Having examined the authorities cited, and under the proper standard of deference, we conclude that the district court properly interpreted Wyoming law.

With respect to the capitalization of CGR at the time of incorporation, the district court found that:

At the time of incorporation CGR Building Systems was experiencing cash flow problems, and was having difficulty paying its bills, including amounts owing plaintiff. At such time the firm had approximatelty $1,500 in its checking account, owned no assets of significant value, and had acounts payable far in excess of the combined value of its assets and capital.

The Reimans assert that there was no evidence at trial to support this conclusion.

After a careful examination of the record, we cannot say that these findings of fact were "clearly erroneous." The determinations of fact are thus binding on this court. Fed. R. Civ. P. 52, Rasmussen Drilling, Inc. v. Kerr-McGee Nuclear Corp., 571 F.2d 1144 (10th Cir.), cert. denied 439 U.S. 862, 99 S. Ct. 183, 58 L. Ed. 2d 171 (1978).

Ordinarily, the corporate form shields investors from personal liability for the liabilities of the corporation. But where, as here, the corporation is capitalized so meagerly at the time of incorporation, to shield these investors from liability would be to exalt form over substance. CGR did not have adequate capital to pay its debts when it was incorporated. The district court properly found that under these circumstances, the Reiman partners remained personally liable for corporate debt.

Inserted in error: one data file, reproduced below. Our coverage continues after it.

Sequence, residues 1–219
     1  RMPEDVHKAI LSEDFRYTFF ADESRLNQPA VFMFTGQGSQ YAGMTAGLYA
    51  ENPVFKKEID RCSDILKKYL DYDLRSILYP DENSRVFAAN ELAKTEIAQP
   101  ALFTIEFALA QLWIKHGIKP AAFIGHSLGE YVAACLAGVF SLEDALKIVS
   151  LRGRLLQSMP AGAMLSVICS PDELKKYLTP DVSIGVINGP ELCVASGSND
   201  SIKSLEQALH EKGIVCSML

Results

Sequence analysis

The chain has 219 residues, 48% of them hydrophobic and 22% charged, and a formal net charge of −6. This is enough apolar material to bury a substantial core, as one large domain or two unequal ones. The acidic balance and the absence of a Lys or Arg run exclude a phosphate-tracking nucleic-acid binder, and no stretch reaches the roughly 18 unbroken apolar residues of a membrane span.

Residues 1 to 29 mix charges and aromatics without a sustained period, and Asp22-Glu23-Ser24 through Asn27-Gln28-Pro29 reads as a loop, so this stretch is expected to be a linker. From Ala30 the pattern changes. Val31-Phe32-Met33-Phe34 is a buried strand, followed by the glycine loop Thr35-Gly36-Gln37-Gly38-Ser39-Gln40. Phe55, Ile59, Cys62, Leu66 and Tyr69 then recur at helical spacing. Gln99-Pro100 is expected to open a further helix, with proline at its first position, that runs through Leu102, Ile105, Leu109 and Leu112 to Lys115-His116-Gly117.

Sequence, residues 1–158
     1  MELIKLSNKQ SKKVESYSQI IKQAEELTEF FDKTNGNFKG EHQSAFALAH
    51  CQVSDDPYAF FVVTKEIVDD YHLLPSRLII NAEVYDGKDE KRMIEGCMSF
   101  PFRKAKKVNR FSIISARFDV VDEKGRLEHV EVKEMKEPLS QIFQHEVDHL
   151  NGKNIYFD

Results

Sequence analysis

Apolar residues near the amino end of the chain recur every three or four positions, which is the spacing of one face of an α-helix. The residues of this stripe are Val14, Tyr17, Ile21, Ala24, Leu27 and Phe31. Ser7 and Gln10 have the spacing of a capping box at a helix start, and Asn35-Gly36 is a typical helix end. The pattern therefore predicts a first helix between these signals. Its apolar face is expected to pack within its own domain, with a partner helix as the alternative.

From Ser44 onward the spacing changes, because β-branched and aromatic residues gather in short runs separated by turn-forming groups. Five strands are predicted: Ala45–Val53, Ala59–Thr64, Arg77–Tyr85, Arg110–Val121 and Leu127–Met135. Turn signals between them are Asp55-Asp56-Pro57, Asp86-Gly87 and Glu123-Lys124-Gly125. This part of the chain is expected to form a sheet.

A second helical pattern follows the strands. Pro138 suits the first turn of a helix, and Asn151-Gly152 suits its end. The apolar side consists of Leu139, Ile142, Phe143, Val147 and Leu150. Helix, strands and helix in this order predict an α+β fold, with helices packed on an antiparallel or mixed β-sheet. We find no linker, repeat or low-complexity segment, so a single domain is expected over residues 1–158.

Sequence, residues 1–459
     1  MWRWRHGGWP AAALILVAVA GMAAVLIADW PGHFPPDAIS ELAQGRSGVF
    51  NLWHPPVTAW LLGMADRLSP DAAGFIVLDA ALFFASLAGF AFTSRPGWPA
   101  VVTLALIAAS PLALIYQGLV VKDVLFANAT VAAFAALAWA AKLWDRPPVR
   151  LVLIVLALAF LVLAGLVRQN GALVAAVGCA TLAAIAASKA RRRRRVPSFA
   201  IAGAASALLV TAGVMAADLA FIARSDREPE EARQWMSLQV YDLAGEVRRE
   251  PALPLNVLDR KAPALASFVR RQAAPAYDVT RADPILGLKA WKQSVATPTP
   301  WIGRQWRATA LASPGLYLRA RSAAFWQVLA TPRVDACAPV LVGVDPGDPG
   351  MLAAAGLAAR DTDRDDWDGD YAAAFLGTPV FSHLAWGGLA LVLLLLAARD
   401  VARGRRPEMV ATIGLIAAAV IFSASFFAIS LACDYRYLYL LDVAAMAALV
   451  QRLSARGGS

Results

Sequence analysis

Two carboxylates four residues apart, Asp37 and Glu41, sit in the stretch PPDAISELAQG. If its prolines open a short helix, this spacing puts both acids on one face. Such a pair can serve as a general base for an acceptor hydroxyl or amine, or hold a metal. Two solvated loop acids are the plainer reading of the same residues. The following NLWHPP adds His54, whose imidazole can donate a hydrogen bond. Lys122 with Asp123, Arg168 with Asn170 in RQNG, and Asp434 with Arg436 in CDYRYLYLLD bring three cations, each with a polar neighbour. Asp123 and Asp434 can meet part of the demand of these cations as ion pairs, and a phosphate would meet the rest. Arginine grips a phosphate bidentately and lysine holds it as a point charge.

Notice of Incorporation

It is arguable that despite the undercapitalization of CGR, Inryco should not be able to reach the personal assets of the Reiman defendants. The individual defendants maintain that Inryco had notice of the change in business organization from a partnership to a corporation and that they, as shareholders, are relieved of the responsibility for debts incurred thereafter. It was conceded at trial there was no actual or formal notice given but defendants urge on appeal that an agent of Inryco, Mr. Reedy, had actual knowledge of the change and therefore Inryco had notice of the incorporation.

The district court found that Inryco extended credit to CGR Building Systems as a partnership upon an open account in reliance upon personal assets of the general partners, particularly the Reimans. Individual defendants as shareholders of a newly formed corporation are estopped from asserting limited liability where a partnership is subsequently incorporated with the sole shareholders being the former partners, maintaining the same name but with the addition of "incorporated," carrying on the business as it had as a partnership and without giving formal notice to its creditors. Kapp v. Naturelle, Inc., 611 F.2d 703 (8th Cir. 1979); Kingsberry Homes v. Corey, 457 F.2d 181 (7th Cir. 1972); Northway Lanes v. Hackley Union Nat. Bank and Trust Co., 464 F.2d 855 (6th Cir. 1972).